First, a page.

The descending triangle is a continuation bearish chart pattern. The figure is formed by two converging lines.
The first line is a bearish slant forming resistance, also called the “descending triangle resistance line”.
The second line is a horizontal support, also called a “descending triangle support line”.
The descending triangle is confirmed / valid if it has oscillation between the two lines.
The descending triangle is considered valid if the price touches at least 3 times the support line and 2 times the resistance line (or at least 2 times the support line and 3 times the resistance line).
The price objective of a descending triangle is determined by the height of the base of the triangle which is carried over to the breakout point. Another technique is to draw a parallel to the line of resistance of the descending triangle from the first contact with the support.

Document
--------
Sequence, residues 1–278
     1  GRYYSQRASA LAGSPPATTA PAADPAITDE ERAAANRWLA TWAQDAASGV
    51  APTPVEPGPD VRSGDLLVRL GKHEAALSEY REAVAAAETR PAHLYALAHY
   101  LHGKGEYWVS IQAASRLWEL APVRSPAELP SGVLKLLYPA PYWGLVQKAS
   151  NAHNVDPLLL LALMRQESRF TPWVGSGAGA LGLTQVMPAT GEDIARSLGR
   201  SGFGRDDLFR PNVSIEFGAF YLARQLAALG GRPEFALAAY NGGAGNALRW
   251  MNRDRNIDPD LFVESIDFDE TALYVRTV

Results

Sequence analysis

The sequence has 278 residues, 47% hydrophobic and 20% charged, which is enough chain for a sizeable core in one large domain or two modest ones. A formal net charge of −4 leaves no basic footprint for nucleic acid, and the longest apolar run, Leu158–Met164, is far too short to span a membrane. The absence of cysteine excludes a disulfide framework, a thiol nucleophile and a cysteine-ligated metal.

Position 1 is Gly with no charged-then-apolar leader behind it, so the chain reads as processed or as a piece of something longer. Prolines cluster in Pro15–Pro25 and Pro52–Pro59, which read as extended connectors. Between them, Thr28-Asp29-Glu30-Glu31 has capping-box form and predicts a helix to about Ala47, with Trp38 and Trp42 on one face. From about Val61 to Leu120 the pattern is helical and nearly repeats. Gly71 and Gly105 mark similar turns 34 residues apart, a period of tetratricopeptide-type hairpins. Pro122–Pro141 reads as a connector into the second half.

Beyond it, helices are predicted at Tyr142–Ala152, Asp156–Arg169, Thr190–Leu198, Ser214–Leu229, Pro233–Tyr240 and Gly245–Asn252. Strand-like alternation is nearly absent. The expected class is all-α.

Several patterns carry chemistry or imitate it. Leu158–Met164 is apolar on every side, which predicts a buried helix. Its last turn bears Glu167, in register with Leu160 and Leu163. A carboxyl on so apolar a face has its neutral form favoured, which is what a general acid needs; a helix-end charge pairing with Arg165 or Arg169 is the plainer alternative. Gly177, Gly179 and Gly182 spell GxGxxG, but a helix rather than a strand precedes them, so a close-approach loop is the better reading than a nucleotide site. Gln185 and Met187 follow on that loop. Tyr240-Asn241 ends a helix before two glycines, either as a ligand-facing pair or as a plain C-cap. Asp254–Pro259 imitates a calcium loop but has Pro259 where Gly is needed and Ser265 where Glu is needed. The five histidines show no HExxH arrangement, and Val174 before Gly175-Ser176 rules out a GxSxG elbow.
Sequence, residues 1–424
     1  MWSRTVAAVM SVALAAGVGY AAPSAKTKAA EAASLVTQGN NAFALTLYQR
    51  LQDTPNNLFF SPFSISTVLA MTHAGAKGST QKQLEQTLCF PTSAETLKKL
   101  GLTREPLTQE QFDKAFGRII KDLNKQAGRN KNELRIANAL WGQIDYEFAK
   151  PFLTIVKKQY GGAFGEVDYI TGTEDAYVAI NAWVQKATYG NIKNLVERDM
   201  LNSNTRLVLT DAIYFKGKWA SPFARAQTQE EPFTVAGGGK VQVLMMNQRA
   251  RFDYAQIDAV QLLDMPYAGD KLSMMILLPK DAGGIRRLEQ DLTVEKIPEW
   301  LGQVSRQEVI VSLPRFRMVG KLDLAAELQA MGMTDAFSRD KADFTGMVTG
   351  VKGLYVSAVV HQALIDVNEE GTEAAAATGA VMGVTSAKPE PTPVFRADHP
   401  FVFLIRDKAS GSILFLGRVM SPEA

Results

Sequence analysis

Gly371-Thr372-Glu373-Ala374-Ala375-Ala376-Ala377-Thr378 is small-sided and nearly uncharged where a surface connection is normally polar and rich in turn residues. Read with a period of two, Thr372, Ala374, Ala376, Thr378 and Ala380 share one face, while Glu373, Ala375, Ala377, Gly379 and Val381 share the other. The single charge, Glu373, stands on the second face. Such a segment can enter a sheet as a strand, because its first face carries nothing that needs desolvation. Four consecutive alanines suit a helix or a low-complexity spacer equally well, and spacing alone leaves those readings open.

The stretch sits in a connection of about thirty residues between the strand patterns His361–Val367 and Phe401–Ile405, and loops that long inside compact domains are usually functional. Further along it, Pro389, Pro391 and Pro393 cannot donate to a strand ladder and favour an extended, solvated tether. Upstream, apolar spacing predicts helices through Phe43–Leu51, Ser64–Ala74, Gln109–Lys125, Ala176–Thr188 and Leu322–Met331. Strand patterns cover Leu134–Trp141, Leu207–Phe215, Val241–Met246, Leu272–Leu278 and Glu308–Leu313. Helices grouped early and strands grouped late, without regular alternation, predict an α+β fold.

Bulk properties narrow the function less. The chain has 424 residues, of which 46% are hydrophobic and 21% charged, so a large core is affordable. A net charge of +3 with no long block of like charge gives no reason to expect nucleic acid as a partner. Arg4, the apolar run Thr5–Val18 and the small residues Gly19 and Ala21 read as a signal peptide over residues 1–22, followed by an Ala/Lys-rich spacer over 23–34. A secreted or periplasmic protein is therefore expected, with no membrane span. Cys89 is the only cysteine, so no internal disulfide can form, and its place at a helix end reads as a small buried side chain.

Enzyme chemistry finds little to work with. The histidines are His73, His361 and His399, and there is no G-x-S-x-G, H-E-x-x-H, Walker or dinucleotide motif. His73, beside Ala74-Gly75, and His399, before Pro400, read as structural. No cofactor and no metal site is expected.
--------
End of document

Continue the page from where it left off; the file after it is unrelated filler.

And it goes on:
Notes and Statistics: #
- The exit is most often done at 2/3 of the triangle. This is the output level that offers the best performance.
- The target price of the ascending triangle is generally reached before the point of the triangle.
- Avoid taking a position if the break / exit occurs before 2/3 of the triangle.
- In 54% of cases, the exit is bearish.
- In 61% of cases, the descending triangle is a continuation figure.
- In 54% of cases, the price target of the triangle is reached when the support is broken down.
- In 64% of cases, after exiting, the price carries out a pullback in resistance on the support line of the triangle.
- More than half the time, when a false breakout occurs from the bottom, the exit is finally made from the top. On the other hand, false breakouts from above are rare with only 6%.